Sophie Ward is the 23-year-old woman behind such incredible initiative. Paper Castle Press is the publishing company she has created to push new ideas forth in whatever form best fits its dialogue. 

Ward touches many realms of thought in her wanderings, yet what strikes me {so far} as particularly exact are her ideas on identity:

"Identities are spend-thrift in today’s culture. We devour and denounce identity, and our sense of self as rapid as the food we consume, the videos we watch, the paths we go down. With internet and digital media so prolific and easy to use, expression is everywhere, and possible everywhere. So, where is our voice? Where have all the deep, hearing and speaking voices gone?"

It took me a long time to begin blogging and even longer to join online social networks like Facebook. Still, I continue to question the legitimacy of so many isolated voices in a digital landscape not populated by any breathing, blood-filled being; so many people forcing their ideas and their bodies into a seemingly limitless realm, an odd boundless cloud, invisible and difficult to define. The possibility to reveal oneself in this space--the internet--has been around for such a length of time that it seems people have become comfortable entering into this bleak terrain. Many have their own blogs {recently, a majority show of students' hands in a communications course measuring those who have blogs left me floored}, yet I'm ever curious about whether or not the urgency of what they have to say deserves a special place in the current conversation. I  readily apply the same censorship to myself, oftentimes wondering if what I have to say is worth the space, however obscure internet space may seem. What cathartic purpose do explicit and oftentimes fiercely personal confessions and narratives have for the blogger? And where was this outlet before the internet provided unedited and uncensored immediate publication? 

"In the 21st century, identity seems to overthrow what we as people think, feel and experience. Why, one might ask, should I divulge that part of my human existence? Why speak louder from an internal place than act in defense of my external self? Because space is becoming available for what works for humans, as intelligent beings living on a great and now connected planet of continents and cultures, to shine through the lattices of those externally crumbling structures."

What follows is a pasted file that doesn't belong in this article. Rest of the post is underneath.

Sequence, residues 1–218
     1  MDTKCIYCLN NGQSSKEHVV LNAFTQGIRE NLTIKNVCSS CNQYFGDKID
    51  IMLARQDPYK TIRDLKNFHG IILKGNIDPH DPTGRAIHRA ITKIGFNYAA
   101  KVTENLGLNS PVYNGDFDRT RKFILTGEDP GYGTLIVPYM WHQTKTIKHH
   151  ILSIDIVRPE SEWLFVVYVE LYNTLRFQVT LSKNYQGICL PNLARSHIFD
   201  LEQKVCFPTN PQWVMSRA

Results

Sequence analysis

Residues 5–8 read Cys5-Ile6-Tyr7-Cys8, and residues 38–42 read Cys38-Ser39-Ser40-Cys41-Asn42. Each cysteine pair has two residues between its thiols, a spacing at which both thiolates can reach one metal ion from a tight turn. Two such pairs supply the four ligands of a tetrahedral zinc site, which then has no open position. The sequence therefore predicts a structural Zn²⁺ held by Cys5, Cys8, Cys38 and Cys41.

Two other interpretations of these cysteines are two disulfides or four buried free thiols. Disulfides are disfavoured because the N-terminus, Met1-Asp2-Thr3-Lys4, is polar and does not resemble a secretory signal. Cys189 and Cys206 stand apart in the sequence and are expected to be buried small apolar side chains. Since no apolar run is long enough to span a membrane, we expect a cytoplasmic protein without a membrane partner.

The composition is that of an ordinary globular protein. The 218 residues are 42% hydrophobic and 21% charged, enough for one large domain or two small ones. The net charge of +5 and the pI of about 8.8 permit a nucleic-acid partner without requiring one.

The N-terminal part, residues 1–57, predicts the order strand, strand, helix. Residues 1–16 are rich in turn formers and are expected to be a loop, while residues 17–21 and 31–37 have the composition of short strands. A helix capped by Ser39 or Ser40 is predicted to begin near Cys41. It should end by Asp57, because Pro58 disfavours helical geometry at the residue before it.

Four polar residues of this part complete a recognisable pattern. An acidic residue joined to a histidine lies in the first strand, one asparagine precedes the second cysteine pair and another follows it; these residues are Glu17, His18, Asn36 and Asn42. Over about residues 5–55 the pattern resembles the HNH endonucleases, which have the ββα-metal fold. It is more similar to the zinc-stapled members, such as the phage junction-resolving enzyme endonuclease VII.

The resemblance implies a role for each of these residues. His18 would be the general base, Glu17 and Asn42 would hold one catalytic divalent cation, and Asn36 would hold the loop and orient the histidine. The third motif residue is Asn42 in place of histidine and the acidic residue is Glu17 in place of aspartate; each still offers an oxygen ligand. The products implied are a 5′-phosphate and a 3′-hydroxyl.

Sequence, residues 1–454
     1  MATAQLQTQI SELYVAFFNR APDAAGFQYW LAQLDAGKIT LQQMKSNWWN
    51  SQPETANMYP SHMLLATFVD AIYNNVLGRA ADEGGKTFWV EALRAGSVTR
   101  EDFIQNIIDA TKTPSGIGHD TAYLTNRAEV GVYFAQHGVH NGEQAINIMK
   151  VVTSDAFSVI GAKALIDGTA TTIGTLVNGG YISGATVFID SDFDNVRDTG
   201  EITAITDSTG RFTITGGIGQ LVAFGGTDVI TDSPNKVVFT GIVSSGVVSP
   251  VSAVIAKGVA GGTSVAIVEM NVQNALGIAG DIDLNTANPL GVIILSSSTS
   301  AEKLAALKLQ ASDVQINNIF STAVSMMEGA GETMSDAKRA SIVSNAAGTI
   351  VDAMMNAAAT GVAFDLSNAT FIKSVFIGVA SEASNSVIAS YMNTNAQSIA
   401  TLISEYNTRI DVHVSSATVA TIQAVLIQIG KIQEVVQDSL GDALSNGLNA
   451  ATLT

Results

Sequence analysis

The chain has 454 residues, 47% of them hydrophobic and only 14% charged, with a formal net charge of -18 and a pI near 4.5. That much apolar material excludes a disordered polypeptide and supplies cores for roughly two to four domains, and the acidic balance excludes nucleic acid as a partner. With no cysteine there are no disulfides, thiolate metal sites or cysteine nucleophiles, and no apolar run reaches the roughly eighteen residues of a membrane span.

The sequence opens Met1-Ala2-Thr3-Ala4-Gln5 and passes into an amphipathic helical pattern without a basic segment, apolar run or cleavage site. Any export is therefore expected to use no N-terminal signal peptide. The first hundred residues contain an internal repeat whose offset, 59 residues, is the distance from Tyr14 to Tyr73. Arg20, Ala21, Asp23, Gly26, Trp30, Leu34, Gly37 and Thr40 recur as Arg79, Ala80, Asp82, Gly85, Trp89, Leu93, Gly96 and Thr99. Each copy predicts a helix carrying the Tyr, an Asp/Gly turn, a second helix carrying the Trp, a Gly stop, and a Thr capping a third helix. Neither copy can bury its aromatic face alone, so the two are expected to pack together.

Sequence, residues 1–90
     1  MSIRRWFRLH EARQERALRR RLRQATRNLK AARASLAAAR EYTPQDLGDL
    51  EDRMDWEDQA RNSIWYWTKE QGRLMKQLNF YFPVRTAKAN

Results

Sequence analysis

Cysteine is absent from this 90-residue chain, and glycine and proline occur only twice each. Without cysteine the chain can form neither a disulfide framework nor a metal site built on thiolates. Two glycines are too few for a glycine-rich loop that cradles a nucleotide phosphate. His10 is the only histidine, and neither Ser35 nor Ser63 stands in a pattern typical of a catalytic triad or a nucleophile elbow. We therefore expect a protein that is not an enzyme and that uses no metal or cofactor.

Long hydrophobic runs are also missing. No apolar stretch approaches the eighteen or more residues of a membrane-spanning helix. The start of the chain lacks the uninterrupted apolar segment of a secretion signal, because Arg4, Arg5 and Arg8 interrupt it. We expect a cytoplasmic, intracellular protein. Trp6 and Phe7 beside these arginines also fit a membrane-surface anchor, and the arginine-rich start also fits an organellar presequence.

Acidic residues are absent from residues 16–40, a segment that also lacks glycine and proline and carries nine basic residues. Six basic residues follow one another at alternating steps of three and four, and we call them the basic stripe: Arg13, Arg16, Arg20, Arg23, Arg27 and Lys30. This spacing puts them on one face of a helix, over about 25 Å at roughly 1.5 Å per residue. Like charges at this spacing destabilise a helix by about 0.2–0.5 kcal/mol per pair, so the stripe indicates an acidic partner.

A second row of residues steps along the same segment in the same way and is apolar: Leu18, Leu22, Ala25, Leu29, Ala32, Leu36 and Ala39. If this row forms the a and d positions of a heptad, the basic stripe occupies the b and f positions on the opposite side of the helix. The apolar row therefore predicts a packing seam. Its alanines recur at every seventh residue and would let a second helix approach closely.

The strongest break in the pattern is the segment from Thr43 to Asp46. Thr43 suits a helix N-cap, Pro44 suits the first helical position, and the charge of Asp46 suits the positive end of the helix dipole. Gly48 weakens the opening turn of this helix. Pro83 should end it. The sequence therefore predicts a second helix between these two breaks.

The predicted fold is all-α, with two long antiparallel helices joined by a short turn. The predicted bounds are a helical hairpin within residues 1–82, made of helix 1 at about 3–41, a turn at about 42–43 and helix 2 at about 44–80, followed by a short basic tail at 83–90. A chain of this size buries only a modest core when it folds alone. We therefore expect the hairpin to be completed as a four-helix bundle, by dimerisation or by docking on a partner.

Elevated and dreamy, her writing is rooted in a deep philosophy which supports a painterly and poetic landscape with validity and meaning. I strive to create similar worlds, escapist and luminous, but founded upon strong ideals and infused with a passion for truthful dialogue about difficult  questions, oftentimes  unanswerable with one definitive statement. 

Sophie Ward's Blog is here.
Paper Castle Press is here

09 January 2009

constant, i hope
and inescapably inspiring
what ever the recipient
or whom ever
and only defined
by the lover. 

Photo from The Selby

07 January 2009

Poets Kiss from AV Photography.
Her shoe is charmed
And expressive
Like a smile. 


{for emily}
brussel sprouts are beautiful. 
and surprisingly festive
in wreath form. 
but even more so when 
hung against a rough wooden wall
calling to mind country rusticity. 

06 January 2009

sheer blouses and billowing skirts.

Too early to think of spring? 
I think not. 

02 January 2009

Real Live Characters

{with good cameras}

Ones that actually breathe and create and move about and interact

Ones that help to get one off the floor of one’s apartment and out onto the city streets

When the mood in the air screams STAY STAY STAY

But your job undercuts the shrill shrieks with the baritone OUT OUT OUT

Alright, just a few more minutes... 

Photos from Sandra Beijer's blog.   

This blog is mostly an amalgamation of images culled from interweb wanderings, falling under categories inspiration and amusement. Please contact me if you would like your work removed from my site.